Fentanyl, which some dealers or users will mix with another drug like heroin, is 50 times more potent than heroin and 100 times more potent than morphine. Combining this drug with others can make it difficult when administering Narcan.

“One of the problems with Fentanyl is, because it’s so potent, because it acts so fast, you may need to give multiple doses of Naloxone,” Caplan said.

According to Lynagh, the police department is starting to see higher levels of Fentanyl. He added that in his more than three decades as a police officer, the drug is one of the more addictive drugs he has seen. Lynagh added that heroin was initially introduced to combat morphine addiction.

“We don’t have too many people addicted to morphine now,” Lynagh said. “We have this heroin addiction, so sometimes we mean to do something well or combat a drug or something bad, with something else that’s bad.”

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Anthony Forte, left, leaves behind his mother Debbie Carpinone, right, and 21-year-old brother Christopher. Photo from Debbie Carpinone

Anthony Michael Forte was a 24-year-old who got good grades in high school and went home to a loving family. He dreamed of a pursuing a career in the entertainment or food industries — until he died of a heroin overdose on May 2, 2015.

Forte is the new face of heroin addicts on Long Island.

While the drug problem continues to rise, his mother, Debbie Carpinone, is doing what she can to keep her spirits high and her son’s alive. Last October, Carpinone, of Port Jefferson, created Anthony’s Angels and established a $1,000 scholarship in Forte’s name.

The scholarship will help send one Mount Sinai High School senior to college this year. Carpinone, who works as a teaching assistant for the Mount Sinai Elementary School, wanted to pay it forward and give one student a chance to do the one thing her son couldn’t — go to school.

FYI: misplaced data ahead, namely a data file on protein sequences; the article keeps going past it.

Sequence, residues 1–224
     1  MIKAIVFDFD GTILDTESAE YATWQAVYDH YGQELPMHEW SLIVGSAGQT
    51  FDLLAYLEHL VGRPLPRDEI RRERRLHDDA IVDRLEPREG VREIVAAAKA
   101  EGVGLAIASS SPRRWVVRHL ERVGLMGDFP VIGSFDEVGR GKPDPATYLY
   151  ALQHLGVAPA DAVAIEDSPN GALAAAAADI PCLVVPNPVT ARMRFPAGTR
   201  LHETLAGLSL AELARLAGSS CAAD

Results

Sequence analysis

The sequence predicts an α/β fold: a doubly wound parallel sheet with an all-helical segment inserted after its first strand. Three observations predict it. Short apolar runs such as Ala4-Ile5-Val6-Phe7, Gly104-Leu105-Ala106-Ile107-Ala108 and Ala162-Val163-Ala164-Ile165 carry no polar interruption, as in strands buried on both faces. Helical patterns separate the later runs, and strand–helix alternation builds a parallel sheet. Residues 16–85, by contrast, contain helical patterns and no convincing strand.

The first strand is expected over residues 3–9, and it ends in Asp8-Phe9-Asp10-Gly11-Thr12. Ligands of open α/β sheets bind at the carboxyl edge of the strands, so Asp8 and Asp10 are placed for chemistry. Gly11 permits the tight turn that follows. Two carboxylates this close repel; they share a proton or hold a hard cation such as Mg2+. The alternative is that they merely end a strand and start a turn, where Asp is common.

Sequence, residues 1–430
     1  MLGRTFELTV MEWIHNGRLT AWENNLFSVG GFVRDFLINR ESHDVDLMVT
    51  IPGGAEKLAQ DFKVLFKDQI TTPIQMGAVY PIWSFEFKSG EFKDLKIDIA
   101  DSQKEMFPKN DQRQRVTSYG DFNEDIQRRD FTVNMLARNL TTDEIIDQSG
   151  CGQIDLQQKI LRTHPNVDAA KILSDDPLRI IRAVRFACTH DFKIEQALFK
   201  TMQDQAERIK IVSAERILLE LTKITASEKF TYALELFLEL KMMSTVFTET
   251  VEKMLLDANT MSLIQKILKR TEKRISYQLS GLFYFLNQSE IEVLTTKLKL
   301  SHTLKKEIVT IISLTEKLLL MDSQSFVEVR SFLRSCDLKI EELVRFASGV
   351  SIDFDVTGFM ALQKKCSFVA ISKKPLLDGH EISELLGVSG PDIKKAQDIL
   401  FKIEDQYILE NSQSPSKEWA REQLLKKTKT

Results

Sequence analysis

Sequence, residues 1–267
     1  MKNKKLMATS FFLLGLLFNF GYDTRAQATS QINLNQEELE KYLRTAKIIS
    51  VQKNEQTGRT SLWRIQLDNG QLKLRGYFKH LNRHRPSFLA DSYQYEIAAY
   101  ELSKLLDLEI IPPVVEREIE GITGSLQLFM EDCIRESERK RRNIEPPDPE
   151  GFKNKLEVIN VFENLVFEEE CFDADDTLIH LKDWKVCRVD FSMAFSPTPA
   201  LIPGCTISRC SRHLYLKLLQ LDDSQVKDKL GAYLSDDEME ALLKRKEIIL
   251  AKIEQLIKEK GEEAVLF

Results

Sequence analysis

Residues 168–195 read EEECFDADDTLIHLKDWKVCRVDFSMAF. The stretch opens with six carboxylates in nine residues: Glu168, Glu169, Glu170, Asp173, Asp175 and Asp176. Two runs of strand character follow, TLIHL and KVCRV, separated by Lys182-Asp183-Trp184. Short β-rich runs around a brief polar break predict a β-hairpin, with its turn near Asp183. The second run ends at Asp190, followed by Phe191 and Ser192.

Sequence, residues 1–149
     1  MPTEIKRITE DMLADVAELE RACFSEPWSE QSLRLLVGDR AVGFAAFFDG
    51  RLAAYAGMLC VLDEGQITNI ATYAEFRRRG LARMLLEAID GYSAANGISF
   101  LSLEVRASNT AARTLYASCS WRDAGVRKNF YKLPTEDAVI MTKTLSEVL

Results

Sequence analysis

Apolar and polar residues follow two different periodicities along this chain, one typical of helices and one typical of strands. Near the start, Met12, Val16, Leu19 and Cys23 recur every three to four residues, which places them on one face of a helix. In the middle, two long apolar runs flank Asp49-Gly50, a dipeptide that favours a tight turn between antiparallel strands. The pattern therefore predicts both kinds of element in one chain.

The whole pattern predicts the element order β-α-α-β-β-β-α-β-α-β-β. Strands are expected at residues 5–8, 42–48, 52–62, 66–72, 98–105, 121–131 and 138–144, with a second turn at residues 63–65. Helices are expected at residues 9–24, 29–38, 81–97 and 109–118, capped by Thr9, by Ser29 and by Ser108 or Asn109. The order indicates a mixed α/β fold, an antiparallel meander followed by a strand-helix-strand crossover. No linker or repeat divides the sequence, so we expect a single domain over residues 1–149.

“He was so smart,” she said. “He wanted to go to school so bad, but he just couldn’t get his act together due to his addiction.”

The teaching assistant of 13 years sold 128 “Anthony’s Angels” T-shirts last year for the fundraiser of the same name. She raised $1,610 and also established a Facebook group. She approached Mount Sinai Elementary School Principal John Gentilcore in January regarding her son’s death and her scholarship, Gentilcore said.

He said it was easier for the small school district to spread the word about the scholarship. Forte was Carpinone’s eldest son, who went to Comsewogue High School until 2006, before he graduated from Newfield High School in 2008. His mother said even when he hit tough times, Forte remained loving and always had a smile on his face.

According to Carpinone, her son started using heroin in his junior year of high school. He told her about his addiction around two years later, and was in and out of sober houses.